This excerpt is reprinted with permission from Jamie Wu. TCM Case Studies: Pediatrics was released in 2014 by People's Medical Publishing House.
Will You Be an Amplifer or a Mute?
These times are changing, and changing quickly. There have been many challenges to this profession throughout the past few years. The challenge is to talk, then talk and talk some more about this medicine.
Impacting Chiropractic's Future With Technology
When it comes to electronic health records (EHR), Robert Moberg and Dr. Steven Kraus are two of the leading industry experts on the topic.
September, 2007, Vol. 07, Issue 09
Acid Reflux and Hiatal Hernia
By Don McCann, MA, LMT, LMHC, CSETT
Everybody knows about the "little purple pill." Why? The answer is quite simple. The majority of Americans over the age of 40 are experiencing, the symptoms of acid reflux, which are very uncomfortable.Many people experience acid reflux as a result of hiatal hernias of the esophageal hiatus, which is even worse.
Unfortunately, since many massage therapists aren't aware that there are effective soft-tissue treatments that can eliminate these symptoms without drugs or invasive medical procedures, they have not developed the skills to treat these conditions. In order to be able to effectively treat hiatal hernia and acid reflux, you must first understand how tension in the soft tissue from stress and structural imbalance contributes to them.
One form of hiatal hernia is a tearing in the diaphragm that allows a portion of the stomach to protrude through the tear. There also can be damage to the esophageal hiatus where the esophagus empties into the stomach. When this sphincter valve of the esophageal hiatus is affected by stress or structural imbalance, it is not able to function properly. This improper function allows the contents from the stomach to flow back into the esophagus (acid reflux). This is especially troublesome when a client is prone or supine or has a full, actively digesting stomach. Acid reflux also can occur even when there is no significant damage to the esophageal hiatus. This can be due to overactive digestion taking place in the stomach resulting from spicy food, overeating or the presence of excess stomach acid. How can massage therapy effectively treat these conditions? Let's look at where the stomach is located and what muscles have a major effect on the esophageal hiatus and the stomach.
The esophageal hiatus is located in the center of the diaphragm at the top of the stomach. The diaphragmatic muscle attaches on the sternum and lower ribs, and extends all the way around to the back including the thoracic vertebrae. This makes it extremely reactive to any structural distortion. If the musculoskeletal system is distorted, the resulting misalignment is reflected in contractions and distortions throughout the diaphragm. Stress affecting the sympathetic nervous system can add to structural distortions that affect the diaphragm. If you add extra weight to the structure, you have yet another distortion factor for the diaphragm. When the esophageal hiatus is constantly stressed by these distortions and imbalances, it reacts like an "o" ring with unequal pressure on all its sides, which does not allow it to close effectively. This usually results in acid reflux or a hiatal hernia.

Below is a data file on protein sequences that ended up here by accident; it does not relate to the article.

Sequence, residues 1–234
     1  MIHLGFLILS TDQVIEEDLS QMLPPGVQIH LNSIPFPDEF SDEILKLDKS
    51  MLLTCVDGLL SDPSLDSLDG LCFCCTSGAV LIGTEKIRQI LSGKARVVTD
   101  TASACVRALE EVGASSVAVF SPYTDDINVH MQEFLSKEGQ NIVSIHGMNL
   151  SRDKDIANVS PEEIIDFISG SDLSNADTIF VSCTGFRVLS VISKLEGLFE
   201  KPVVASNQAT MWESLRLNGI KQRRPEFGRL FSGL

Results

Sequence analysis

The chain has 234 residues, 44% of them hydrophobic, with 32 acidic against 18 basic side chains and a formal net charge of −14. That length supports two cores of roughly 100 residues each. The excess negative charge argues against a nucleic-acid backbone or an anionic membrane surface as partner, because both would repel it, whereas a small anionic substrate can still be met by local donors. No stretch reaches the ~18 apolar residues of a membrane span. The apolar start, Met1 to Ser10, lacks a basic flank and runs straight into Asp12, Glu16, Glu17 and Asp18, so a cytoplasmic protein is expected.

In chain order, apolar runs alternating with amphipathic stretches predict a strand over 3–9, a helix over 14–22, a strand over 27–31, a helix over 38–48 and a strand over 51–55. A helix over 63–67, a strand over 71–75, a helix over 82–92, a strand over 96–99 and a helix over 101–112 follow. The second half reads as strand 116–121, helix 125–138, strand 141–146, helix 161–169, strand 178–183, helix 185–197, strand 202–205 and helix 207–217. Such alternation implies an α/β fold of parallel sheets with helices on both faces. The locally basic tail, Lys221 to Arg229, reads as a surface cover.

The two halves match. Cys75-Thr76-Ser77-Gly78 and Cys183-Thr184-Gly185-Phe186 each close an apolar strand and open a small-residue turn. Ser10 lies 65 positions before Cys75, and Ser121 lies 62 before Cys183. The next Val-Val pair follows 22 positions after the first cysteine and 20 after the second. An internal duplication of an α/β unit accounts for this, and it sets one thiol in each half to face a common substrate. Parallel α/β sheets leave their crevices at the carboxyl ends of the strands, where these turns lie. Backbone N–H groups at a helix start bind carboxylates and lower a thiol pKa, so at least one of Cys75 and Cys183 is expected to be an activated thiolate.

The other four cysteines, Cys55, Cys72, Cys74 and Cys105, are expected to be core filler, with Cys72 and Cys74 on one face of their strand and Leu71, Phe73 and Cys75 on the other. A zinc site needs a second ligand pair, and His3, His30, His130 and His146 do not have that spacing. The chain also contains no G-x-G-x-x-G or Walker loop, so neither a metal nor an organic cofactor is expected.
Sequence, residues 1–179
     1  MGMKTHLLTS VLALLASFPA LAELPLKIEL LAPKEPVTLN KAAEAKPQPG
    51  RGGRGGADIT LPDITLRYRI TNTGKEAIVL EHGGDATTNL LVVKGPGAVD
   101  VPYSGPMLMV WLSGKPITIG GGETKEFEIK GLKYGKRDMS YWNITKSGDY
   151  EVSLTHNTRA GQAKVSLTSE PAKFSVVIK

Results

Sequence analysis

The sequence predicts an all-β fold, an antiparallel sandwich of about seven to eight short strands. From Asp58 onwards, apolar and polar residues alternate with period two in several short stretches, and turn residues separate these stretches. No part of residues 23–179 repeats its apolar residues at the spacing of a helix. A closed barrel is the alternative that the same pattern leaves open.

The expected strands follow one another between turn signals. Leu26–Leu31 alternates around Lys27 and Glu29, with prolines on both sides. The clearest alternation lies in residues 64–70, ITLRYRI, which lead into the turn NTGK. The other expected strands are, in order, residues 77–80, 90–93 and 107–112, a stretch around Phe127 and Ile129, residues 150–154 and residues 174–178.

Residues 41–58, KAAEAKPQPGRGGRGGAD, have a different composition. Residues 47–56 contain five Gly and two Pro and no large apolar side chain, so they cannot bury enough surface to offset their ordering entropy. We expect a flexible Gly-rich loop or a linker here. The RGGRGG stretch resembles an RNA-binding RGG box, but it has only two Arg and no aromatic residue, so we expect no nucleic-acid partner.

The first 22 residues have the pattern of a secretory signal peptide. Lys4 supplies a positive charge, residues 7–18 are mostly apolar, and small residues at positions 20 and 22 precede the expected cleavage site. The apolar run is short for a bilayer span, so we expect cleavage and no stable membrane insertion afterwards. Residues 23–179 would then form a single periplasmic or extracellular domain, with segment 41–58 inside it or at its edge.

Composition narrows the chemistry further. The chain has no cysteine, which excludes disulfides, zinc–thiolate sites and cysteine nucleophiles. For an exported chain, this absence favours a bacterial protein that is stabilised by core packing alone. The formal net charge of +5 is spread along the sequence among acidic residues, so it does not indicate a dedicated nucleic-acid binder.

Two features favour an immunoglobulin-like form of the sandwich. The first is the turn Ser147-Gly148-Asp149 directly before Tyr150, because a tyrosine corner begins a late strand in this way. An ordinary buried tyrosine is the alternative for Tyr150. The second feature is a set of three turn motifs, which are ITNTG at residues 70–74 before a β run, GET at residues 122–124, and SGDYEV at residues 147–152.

To resolve hiatal hernia problems, massage therapists need to be able to address both the structural distortions and the stresses that involve the diaphragm. My three-step approach to working with deep tissue will treat this area effectively starting with the surface tissue and moving progressively deeper with successive strokes. It is important to remember to follow the principle of "the deeper you go, the slower you go!" As you work deeper into the abdomen, apply just enough pressure to sink in slowly, and only move deeper as the client relaxes and the resistance decreases.
The intent of these abdominal strokes is to release the tension in the diaphragm and stomach allowing the rib cage to expand upward while reducing the distortion and stress on the diaphragm. In releasing the diaphragm, you are releasing the stresses that have accumulated from both the sympathetic and parasympathetic nervous systems. This often results in a calming of the stomach and reduction in the hyperacidity found with acid reflux, nervous stomach and ulcers.
Applying these massage techniques to release the stresses on the diaphragm will treat hiatal hernias and acid reflux very effectively. A relaxed diaphragm allows the esophageal hiatus to function efficiently, which will prevent acid reflux by keeping the contents of the stomach where they belong. A relaxed diaphragm also will allow a tear to heal so the stomach can no longer protrude upward through it. This often is not an overnight solution, but clients usually experience additional relief with each session. This is a great chance to assist your clients with proper therapeutic massage techniques.
Click here for more information about Don McCann, MA, LMT, LMHC, CSETT.